The Devolution of Ron DeSantis

At the beginning of the year, Ron DeSantis looked as if he might be the answer to all of the Republican Party’s problems.

For the first time in decades, a conservative politician rose to national prominence on issues that unified the party’s populist base with its beleaguered establishment — and without triggering a Resistance from Florida Democrats. He seemed to offer Republicans a path beyond the divisions and defeats of the last 15 years.

Mr. DeSantis does not seem like the answer anymore. His poll numbers are cratering. His strength as a general election candidate is being questioned. This is partly because he’s fallen flat on the national stage, but it’s also because he’s slowly devolved into an older kind of Republican — the kind without answers to the party’s problems.

He’s been bogged down in the very issues that divided and hurt Republicans in the past, like abortion, entitlements, Russia and the conduct of Donald J. Trump. Against Mr. Trump and without Democrats as a foil, his instinct to take the most conservative stance has pushed him far to the right. He’s devolved into another Ted Cruz.

Mr. DeSantis will probably never be an entertainer like Mr. Trump, an orator like Ronald Reagan, or someone to get a beer with like George W. Bush. But to compete for the nomination, he will at least need to be who he appeared to be a few months ago: a new kind of conservative, who can appeal to the establishment and the base by focusing on the new set of issues that got him here: the fight for “freedom” and against “woke.”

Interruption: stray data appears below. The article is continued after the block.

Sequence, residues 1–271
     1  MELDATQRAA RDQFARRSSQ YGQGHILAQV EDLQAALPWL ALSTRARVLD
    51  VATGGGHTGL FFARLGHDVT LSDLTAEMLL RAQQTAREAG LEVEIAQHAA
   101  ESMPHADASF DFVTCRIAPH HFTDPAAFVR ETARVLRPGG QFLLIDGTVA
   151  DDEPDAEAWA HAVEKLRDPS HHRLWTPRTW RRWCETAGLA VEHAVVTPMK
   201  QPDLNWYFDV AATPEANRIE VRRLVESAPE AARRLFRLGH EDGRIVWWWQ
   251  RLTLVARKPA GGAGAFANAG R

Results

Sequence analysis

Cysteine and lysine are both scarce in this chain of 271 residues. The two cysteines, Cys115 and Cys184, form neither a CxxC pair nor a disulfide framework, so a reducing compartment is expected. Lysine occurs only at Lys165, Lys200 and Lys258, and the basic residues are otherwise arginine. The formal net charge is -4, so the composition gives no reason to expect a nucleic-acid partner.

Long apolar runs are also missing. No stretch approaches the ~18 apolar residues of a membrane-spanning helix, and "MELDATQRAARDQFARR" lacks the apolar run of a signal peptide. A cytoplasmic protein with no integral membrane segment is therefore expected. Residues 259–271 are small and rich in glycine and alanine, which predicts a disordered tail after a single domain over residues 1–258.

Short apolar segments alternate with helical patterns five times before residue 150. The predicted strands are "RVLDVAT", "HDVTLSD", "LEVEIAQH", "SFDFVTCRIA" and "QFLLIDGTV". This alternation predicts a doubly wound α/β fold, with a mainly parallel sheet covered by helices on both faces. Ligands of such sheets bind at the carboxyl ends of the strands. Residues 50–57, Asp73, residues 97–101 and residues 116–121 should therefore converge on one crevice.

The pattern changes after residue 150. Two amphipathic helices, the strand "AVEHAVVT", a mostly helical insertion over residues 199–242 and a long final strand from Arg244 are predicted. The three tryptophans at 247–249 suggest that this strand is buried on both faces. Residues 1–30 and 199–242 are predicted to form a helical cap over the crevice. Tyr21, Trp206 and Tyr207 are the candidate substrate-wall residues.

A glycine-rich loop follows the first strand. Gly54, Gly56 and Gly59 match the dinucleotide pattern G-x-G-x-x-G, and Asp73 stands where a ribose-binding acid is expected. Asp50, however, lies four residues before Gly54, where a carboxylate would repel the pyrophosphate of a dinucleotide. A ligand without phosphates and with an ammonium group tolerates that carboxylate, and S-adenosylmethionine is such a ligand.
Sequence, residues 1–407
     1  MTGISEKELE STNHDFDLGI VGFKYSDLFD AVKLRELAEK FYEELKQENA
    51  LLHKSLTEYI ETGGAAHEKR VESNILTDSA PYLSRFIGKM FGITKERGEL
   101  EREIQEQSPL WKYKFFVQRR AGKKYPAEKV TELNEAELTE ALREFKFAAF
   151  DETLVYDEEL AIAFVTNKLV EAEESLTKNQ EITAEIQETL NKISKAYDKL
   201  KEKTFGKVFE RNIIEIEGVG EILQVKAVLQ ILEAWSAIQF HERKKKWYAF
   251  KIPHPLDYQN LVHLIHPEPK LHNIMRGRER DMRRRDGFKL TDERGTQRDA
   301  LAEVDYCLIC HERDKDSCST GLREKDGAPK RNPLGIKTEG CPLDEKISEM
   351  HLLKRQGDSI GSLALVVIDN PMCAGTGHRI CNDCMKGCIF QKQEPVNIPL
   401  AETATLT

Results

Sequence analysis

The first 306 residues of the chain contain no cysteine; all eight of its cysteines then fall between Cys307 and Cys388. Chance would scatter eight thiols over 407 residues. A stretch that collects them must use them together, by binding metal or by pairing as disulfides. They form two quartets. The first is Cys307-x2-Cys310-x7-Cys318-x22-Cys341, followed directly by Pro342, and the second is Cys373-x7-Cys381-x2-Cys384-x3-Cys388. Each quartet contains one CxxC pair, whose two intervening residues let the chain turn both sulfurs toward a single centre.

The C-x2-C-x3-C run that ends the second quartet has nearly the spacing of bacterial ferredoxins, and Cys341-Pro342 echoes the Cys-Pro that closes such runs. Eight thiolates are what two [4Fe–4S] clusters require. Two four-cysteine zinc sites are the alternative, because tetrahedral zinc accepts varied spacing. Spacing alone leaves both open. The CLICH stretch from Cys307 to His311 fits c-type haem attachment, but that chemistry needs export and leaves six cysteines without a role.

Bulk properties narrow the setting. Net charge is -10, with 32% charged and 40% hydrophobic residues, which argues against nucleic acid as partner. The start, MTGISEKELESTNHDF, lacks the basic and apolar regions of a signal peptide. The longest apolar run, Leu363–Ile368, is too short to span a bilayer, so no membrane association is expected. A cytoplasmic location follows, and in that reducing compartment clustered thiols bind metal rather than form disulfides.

Mr. DeSantis’s varying campaigns against everything from coronavirus restrictions to gender studies curriculums weren’t extraordinarily popular, at least not in terms of national polling, but it was a type of political gold nonetheless. It let him channel the passions of the Republican base and get on Fox News without offending bourgeoise conservative sensibilities on race, immigration and gender. In fact, many elite conservatives disliked “woke” and coronavirus restrictions just like the rank-and-file. Even some Democrats sympathized with his positions. As a result, he won re-election in Florida in a landslide. Democratic turnout was abysmal.

This combination of base and elite appeal made him a natural candidate to lead an anti-Trump coalition. In the last presidential primary, in 2016, Mr. Trump held the center of the Republican electorate and left his opposition split on either side. To his right, there was Mr. Cruz and the orthodox conservatives. To his left, there was Marco Rubio, John Kasich and the relatively moderate, business-friendly establishment. None of these factional figures stood a chance of unifying those two disparate groups, but for a fleeting moment after the midterms last year, Mr. DeSantis seemed to assemble all of the various not-necessarily-Trump factions under his banner.

Since then, Mr. DeSantis’s coalition has unraveled. His superficial struggles on the campaign trail might be evident to most, but what is more easily overlooked is an overarching struggle to balance the competing needs of an ideologically diverse coalition in a Republican primary.